What can be confidently said about AA in general and about the role of spirituality in AA in particular?
- First, there is convincing evidence that alcoholism severity predicts later AA attendance.
- Second, atheists are less likely to attend AA, relative to individuals who already hold spiritual and/or religious beliefs. However, belief in God before AA attendance does not offer any advantage in AA-related benefits, and atheists, once involved, are at no apparent disadvantage in deriving AA-related benefits.
- Third, the spiritually-based principles of AA appear to be endorsed in AA meetings regardless of the perceived social dynamics or climate of a particular meeting, eg, highly cohesive or aggressive.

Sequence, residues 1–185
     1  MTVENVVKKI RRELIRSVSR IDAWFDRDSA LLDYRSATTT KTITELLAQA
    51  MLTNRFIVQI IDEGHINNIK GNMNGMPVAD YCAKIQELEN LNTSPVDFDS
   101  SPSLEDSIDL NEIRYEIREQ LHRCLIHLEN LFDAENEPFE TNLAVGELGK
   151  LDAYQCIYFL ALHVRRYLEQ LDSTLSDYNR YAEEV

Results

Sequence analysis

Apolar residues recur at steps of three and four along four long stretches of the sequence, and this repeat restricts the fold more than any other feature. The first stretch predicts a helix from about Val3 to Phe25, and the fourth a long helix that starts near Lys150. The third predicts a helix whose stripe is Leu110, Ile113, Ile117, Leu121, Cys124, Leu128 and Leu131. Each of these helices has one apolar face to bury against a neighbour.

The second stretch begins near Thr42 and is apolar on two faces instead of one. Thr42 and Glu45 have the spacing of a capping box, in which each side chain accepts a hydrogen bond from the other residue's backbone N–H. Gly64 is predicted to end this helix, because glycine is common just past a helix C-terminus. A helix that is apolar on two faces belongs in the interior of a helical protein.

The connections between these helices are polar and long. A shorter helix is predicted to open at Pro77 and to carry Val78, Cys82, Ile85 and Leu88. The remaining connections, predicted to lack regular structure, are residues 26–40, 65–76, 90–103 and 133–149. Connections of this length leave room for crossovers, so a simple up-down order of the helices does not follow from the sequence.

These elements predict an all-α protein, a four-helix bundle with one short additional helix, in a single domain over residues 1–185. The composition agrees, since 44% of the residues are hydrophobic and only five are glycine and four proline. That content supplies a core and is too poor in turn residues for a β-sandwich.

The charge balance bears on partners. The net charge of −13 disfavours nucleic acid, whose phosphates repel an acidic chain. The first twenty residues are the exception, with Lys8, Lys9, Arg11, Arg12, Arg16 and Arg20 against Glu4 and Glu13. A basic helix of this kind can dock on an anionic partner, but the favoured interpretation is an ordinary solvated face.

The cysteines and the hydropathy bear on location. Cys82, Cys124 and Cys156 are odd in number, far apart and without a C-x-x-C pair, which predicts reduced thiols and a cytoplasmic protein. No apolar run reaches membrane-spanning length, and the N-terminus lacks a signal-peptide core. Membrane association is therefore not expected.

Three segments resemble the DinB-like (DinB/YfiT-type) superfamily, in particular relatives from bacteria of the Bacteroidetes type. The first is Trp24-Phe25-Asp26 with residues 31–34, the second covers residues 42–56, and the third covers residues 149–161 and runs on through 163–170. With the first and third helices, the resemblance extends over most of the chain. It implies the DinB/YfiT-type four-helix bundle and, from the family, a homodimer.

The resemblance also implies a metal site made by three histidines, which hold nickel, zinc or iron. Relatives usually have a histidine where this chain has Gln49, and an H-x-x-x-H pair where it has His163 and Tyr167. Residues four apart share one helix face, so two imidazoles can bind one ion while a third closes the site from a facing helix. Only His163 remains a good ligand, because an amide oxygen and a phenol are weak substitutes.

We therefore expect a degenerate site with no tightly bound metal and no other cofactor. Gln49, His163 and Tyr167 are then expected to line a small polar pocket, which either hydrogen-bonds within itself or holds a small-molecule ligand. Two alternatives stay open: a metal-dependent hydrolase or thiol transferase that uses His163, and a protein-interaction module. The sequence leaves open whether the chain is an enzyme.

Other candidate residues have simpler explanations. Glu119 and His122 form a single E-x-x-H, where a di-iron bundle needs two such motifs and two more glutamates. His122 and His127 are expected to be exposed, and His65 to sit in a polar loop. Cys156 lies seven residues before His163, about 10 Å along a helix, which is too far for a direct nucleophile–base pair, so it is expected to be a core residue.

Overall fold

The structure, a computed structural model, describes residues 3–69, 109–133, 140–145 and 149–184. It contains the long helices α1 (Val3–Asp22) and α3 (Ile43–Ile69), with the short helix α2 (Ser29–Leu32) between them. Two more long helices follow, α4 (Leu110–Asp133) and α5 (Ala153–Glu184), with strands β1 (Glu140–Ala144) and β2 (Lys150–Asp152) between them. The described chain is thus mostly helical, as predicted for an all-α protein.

- Fourth, significant increases in spiritual and religious beliefs and practices seem to occur among AA-exposed individuals.
- Fifth, in spite of much discussion to the contrary there is little evidence that spirituality directly accounts for later abstinence.
We are finding, however, that spirituality has an important indirect effect in predicting later drinking reductions. Specifically, in the past 20 years a number of effective methods have been developed to facilitate initial AA attendance. Such as Brief-TSF.
Interventions that lead to initial increases in spirituality appear to lead to sustained AA affiliation, which, in turn, produces sustained recovery over time.
Research; Tonigan JS. Spirituality and alcoholics anonymous. South Med J. 2007 Apr;100(4):437-40.
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